My purpose in writing this first article is to try to help a little in reassuring every ERM who comes home for medical and mental health reasons, as well as so many other reasons outside of their control, that you have done your best, served honorably, and should not be in the slightest bit ashamed of your service!  There is no room for shame or fear of disappointing anyone when God is pleased that you went in the first place.

The absolute best way to understand that truth is to consider the parable of the Laborers in the Vineyard, found in Matthew 20:1-16.  Told from the Savior’s lips, this parable describes how the Lord of the vineyard, who is symbolic of Christ, needed work done in his vineyard (the mission field).  He hired some early in the morning, some at about the third hour, and still some others at the sixth and ninth hours, always agreeing that, “Whatsoever is right I will give you.”  And then at the eleventh hour, just before the end of the day, he hired some more to go out into the vineyard to work.  At the end of the day they all came in for their wages and the Lord of the vineyard paid each of them, regardless of how long they had been out, the same: one penny (which was a day’s wage, and was a good wage).  Those that had “endured the heat of the day,” or translated, had been out the whole time, were not happy with this accounting and complained about getting the same reward as those who were not out as long.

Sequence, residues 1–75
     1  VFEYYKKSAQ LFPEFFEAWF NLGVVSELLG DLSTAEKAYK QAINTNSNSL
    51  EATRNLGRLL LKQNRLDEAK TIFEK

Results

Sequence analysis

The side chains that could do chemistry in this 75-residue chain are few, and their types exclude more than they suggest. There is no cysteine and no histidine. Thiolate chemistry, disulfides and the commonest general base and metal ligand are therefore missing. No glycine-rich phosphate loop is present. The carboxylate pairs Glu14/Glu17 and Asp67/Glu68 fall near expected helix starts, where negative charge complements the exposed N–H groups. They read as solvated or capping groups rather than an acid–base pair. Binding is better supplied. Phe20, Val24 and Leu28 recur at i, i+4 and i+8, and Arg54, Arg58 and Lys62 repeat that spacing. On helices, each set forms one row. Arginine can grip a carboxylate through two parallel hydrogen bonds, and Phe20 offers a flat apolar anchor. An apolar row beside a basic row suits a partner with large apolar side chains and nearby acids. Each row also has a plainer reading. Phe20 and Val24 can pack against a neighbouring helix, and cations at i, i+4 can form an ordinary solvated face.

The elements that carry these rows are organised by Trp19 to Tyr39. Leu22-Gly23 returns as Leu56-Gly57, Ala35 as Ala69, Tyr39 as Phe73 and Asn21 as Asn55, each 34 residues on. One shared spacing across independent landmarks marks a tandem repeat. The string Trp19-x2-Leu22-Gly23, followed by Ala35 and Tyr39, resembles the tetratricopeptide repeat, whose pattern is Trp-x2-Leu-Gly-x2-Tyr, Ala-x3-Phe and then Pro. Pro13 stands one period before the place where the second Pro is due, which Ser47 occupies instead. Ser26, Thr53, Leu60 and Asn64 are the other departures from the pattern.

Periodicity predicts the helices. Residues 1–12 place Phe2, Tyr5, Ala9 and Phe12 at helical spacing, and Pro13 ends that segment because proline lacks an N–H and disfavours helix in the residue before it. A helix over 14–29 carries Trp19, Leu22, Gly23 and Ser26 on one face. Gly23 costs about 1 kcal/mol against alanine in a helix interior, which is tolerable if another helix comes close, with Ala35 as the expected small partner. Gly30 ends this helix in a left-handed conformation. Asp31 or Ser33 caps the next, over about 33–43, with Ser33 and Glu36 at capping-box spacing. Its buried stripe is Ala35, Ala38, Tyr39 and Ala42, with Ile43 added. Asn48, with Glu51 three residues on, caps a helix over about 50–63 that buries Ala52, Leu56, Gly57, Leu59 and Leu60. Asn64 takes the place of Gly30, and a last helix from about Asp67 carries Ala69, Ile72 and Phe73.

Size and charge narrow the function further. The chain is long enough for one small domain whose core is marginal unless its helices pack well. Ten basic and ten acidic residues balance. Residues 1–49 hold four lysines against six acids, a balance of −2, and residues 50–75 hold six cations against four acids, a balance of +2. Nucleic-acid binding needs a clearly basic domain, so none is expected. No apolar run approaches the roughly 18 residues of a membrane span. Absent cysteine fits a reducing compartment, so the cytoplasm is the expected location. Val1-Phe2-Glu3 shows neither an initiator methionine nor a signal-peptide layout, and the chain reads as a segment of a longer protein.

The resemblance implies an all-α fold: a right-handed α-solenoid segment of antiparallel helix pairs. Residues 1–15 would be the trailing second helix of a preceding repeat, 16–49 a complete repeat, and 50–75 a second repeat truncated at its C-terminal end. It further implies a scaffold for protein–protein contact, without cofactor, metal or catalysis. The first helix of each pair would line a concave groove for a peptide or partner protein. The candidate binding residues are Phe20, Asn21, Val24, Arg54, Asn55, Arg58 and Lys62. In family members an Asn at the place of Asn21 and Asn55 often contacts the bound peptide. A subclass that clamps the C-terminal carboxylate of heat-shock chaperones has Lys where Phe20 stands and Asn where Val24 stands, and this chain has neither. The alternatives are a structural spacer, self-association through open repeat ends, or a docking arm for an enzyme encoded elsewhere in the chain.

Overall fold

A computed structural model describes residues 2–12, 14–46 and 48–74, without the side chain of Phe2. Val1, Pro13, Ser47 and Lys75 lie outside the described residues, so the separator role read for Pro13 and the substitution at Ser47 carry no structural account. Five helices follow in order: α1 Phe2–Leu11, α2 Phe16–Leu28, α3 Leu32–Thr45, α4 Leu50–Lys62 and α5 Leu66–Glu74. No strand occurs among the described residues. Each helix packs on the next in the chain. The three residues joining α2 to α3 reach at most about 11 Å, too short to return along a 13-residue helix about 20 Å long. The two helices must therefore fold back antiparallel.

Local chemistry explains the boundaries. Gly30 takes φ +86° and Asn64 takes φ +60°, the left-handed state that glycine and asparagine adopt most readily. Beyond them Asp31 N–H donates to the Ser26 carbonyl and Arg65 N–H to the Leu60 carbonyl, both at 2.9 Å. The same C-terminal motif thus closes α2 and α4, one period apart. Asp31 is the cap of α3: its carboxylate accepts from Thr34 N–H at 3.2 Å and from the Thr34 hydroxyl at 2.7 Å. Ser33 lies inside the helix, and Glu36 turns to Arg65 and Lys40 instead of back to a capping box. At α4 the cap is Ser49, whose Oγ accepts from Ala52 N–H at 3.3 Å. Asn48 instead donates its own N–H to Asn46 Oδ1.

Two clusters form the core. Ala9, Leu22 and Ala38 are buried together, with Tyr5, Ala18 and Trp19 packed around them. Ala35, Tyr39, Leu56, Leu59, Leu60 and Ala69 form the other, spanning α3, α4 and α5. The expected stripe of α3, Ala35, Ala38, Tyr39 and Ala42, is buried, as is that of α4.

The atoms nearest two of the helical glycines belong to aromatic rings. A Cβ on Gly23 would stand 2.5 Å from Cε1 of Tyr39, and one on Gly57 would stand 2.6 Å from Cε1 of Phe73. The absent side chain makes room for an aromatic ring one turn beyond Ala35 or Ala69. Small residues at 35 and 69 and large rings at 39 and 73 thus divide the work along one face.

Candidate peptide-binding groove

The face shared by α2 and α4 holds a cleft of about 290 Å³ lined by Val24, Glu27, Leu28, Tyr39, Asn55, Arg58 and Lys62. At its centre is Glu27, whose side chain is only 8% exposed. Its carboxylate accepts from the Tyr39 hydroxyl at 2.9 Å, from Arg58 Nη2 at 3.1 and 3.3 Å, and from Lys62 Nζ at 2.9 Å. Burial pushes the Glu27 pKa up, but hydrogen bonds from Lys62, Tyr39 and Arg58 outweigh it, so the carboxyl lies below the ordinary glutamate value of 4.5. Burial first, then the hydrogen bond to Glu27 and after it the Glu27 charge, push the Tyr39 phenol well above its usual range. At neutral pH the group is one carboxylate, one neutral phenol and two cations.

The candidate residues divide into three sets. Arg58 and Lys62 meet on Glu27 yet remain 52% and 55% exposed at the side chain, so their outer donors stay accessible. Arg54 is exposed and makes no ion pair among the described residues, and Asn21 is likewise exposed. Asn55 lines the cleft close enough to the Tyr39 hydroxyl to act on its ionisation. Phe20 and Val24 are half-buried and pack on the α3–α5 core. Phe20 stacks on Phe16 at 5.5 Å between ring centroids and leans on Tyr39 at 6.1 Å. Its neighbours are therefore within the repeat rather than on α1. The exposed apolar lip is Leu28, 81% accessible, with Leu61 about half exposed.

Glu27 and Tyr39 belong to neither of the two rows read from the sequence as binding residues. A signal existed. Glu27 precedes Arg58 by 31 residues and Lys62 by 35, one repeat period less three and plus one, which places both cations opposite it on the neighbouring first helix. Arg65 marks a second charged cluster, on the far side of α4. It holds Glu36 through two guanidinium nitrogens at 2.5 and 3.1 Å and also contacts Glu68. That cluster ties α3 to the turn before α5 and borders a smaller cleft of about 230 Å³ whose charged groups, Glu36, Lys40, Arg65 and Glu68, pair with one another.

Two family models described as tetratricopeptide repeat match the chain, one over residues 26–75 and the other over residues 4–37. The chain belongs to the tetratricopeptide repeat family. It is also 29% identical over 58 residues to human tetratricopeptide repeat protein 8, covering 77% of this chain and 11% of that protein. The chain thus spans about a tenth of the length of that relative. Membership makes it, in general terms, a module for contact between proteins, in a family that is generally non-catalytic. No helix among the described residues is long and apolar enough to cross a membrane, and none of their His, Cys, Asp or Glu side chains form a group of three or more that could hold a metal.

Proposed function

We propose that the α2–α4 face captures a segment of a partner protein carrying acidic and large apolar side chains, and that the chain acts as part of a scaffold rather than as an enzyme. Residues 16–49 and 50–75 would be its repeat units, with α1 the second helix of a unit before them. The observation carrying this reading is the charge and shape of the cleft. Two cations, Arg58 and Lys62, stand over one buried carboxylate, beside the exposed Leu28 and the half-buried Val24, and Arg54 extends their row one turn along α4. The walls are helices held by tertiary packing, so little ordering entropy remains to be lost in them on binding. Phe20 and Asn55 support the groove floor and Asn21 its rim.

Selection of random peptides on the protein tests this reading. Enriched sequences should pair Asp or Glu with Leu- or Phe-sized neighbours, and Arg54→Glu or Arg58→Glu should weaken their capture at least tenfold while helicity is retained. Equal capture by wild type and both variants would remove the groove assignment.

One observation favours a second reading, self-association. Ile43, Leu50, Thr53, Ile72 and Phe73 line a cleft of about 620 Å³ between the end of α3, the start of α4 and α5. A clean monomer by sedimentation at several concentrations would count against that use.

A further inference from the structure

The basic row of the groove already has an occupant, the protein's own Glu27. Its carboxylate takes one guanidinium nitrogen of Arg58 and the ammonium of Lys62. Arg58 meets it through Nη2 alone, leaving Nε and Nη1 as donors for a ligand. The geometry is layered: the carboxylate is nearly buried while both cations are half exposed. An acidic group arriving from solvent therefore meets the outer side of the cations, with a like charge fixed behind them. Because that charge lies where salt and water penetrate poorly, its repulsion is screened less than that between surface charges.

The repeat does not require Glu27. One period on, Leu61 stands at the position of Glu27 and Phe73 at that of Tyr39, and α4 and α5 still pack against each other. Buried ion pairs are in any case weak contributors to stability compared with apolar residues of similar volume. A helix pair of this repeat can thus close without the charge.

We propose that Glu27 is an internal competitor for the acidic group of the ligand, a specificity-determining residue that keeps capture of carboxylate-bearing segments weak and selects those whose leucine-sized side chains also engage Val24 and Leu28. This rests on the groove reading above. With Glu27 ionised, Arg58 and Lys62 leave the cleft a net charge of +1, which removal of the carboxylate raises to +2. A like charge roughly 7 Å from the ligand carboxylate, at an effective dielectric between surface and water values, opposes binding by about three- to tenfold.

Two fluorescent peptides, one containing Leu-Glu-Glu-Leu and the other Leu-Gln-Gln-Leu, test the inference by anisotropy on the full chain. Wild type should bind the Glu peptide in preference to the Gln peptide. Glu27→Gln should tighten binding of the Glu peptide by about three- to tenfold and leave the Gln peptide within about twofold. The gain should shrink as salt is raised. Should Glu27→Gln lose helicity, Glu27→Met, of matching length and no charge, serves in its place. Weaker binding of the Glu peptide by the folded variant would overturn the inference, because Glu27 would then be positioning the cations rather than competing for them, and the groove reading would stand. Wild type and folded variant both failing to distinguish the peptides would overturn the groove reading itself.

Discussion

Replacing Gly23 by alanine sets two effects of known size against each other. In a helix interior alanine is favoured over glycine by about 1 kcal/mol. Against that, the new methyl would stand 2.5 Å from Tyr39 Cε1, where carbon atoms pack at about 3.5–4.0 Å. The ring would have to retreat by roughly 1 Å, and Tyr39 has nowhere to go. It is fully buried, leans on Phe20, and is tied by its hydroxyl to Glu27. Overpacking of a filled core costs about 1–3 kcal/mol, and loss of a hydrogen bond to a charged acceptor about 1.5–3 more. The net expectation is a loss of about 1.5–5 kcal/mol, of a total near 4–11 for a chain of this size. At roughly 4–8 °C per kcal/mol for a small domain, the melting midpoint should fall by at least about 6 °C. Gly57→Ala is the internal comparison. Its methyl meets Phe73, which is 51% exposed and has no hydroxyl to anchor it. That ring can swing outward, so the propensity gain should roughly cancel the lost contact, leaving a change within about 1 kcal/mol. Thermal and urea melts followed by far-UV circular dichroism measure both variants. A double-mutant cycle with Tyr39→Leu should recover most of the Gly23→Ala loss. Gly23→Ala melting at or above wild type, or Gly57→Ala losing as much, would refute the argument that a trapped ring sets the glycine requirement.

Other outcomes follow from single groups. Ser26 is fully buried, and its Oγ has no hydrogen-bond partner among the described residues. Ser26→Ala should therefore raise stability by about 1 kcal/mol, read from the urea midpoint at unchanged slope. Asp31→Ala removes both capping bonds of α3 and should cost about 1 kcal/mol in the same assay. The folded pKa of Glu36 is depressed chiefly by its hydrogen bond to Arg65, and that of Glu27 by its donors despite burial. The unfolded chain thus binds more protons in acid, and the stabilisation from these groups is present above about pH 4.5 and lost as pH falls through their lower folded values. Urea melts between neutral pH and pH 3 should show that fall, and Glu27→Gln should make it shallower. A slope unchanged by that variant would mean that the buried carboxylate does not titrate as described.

Elder Jeffrey R. Holland, in his talk in April 2012 entitled “The Laborers in the Vineyard,” paraphrased what the Lord’s response was to these workers, “My friends, I am not being unfair to you.  You agreed on the wage for the day, a good wage.  You were very happy to get the work, and I am very happy with the way you served.  You are paid in full.  Take your pay and enjoy the blessing.  As for the others, surely I am free to do what I like with my own money.  Why should you be jealous because I choose to be kind?”

In terms of missionary service, this parable quite simply means that the Lord is pleased with ALL of his missionary workers who labor in the vineyard, regardless of the length of time they are out in the fields working.  What matters to Him is that they went, and that they worked with whatever means they had for as long as they had it.  And what matters even more to the missionary who served is that, regardless of the amount of time they were in the vineyard, the wage paid by the gracious Lord of the vineyard is the same for all.

Please know, dear missionaries who may have had to come home early, that you have done a great work, and the Lord is pleased.  Cease to feel ashamed of your gift of service, no matter how long or short that service may have been.  In the parable of the talents the Lord was just as pleased with the servant who was given five talents and turned it into ten as he was the servant who was given two talents and turned it into four.  You completed your mission.  Your efforts are honored and accepted by the Lord.  It is now time to lift your head up high and move forward into the rest of your life, focusing on school, career, and starting a family.  Move forward confidently and at peace and God bless you for what you have done.